Turning Red

On Feb. 21st of this year, Disney released their latest animated film Turning Red. I remember when the first trailer dropped and I saw a young, eccentric Asian girl only wanting to do well in school and right by her parents. Her bobbed black hair, small glasses, and hair clips urged me to pause the ad, walk to my bedroom and find my middle school IDs just to confirm that it was me I was seeing on the screen. Though, a near identical appearance wasn’t enough to get me to watch a Disney movie. It wasn’t until spring break, where I received several calls and messages from friends telling me to sue Disney for taking my identity when they wrote their protagonist. As somebody completely self-obsessed, this convinced me to give into that corporation for one movie. So, here’s my review on Turning Red.

 

Character Design

Firstly, as an artist, there is no way I can't discuss the designs of the main cast. Mei’s design is nothing that really stands out–it’s a very normal look for a 13 year old girl. She wears a red cardigan at the beginning, which is removed once she starts transforming into a panda. When she does, the colors in her design become more eye-catching. The pastel pink of her shirt, contrasting her red hair, has her standing out of the crowd far more. The best way to summarize the designs of Mei and all her friends would be that they all look like typical middle schoolers. This isn’t a bad thing–far from it, actually. Many different young girls will be able to look at this friend group and possibly see themselves or their friends, the same way I did in Mei.

 

Other than Mei’s friends, another member of the main cast is Mei‘s mother, Ming. She's designed to be a composed looking businesswoman, but the aspect I find interesting about her design is the color. In Chinese culture, jade represents success and prosperity, tying the color with her culture. Another interesting thing about green is that it is the opposite of red. When looking at her, I remembered how a green color corrector is used to cover up the skin’s redness  in makeup. This is similar to how Ming wishes to cover up Mei’s new ability and correct any imperfections she finds in her daughter.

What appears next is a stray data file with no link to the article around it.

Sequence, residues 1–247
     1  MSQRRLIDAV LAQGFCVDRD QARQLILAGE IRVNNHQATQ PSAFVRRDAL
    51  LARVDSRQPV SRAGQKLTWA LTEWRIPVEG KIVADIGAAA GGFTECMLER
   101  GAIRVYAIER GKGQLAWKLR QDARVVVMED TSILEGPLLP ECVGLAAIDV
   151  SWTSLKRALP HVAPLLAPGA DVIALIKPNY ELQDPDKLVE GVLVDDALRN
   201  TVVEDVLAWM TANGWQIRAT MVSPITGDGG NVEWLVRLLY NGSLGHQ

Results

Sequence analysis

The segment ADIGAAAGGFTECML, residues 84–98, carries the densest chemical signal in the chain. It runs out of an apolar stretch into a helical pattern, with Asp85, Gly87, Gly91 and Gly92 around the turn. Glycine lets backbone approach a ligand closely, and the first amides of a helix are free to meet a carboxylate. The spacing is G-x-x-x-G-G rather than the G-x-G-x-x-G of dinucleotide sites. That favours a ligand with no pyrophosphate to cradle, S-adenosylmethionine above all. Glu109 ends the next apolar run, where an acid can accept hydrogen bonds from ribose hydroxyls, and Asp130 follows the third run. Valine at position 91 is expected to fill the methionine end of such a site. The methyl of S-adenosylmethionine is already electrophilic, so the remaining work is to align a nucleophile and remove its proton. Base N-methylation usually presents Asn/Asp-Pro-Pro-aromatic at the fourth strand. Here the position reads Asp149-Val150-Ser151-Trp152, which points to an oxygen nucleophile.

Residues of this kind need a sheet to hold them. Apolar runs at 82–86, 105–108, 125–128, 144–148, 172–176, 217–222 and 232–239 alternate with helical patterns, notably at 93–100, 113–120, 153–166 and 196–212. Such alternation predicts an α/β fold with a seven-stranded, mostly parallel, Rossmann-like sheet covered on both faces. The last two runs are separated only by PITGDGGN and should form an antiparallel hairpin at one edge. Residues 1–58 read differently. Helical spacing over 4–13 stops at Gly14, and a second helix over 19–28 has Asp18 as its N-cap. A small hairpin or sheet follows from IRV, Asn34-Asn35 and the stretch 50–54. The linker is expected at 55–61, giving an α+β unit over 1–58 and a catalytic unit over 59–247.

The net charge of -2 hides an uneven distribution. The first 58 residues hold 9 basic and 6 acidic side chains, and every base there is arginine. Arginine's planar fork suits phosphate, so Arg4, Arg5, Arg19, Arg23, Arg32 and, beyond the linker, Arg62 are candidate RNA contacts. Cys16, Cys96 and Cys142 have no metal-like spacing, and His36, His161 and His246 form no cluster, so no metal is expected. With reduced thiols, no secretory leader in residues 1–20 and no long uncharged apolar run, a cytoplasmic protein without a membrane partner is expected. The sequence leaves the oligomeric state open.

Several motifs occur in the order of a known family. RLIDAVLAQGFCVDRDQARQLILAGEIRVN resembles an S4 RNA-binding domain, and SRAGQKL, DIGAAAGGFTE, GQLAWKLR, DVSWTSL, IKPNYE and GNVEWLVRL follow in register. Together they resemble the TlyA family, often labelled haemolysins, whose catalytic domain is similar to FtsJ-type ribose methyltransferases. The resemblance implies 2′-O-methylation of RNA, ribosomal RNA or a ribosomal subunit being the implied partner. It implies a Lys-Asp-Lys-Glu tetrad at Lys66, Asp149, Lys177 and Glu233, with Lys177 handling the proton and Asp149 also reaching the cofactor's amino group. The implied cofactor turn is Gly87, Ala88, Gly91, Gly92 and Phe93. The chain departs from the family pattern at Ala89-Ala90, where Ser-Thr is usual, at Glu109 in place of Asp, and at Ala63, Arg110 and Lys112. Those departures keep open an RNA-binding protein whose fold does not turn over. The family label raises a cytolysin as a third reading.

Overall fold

The Story

The overall movie, without getting into spoiler territory, centers Meilin Lee, a 13-year- old Chinese girl going through 8th grade with her three best friends. Throughout the movie, she learns what it means to become her own person separate from her expectations, especially those of her mother which she shares a strong bond with. Among the usual difficulties that come with being a middle schooler, she also finds she has the ability to transform into a red panda with any strong emotion. Now, Mei and her friends must learn to keep the panda under control while also raising money to attend their favorite boyband’s concert, all without letting Mei’s mother know. It’s a very unique story, not just because of the story line but because of the topics covered and how they were addressed. Nobody stays the same person throughout their life, but change isn’t a good thing or a bad thing, it's just something that happens.

 

Throughout the movie, Mei begins gaining a new perspective and attitude on life, which brings her closer to her friends and to herself, but also causes a shift in the relationship she’s always had with her mother. Rosalie Chiang did a great job in voicing Mei, her lines really expressed the insecure sadness of a young girl not knowing if living for herself is worth the change. Along with a sweet message, the movie also doesn’t shy away from portraying all the awkward and embarrassing parts of being a pre-teen. Specifically, the awkwardness of being a young girl which isn’t usually portrayed in popular media. Although, whether you’re a 13 year old girl, or not, there’s plenty to take away from this movie.

 

The purpose of movies, and art in general, is to allow the viewer to step into the shoes of somebody they can never possibly understand by normal means. While a large part of me enjoying the movie came from the fact that I was able to see somebody so similar to me, I was also able to equally enjoy the parts and aspects of the movie that I wasn’t able to relate to. I was personally never into boy bands, nor am I of Chinese descent or possess the ability to transform into a red panda, but the movie allowed me to see the perspective of somebody who was. With the mix of the art direction, soundtrack, voice-acting and writing I could always feel how every other character was feeling throughout the movie. This is a movie I’d recommend to anyone interested in a fun story on growing up and change. 

Angelo State University, Turning Red, Disney, Column

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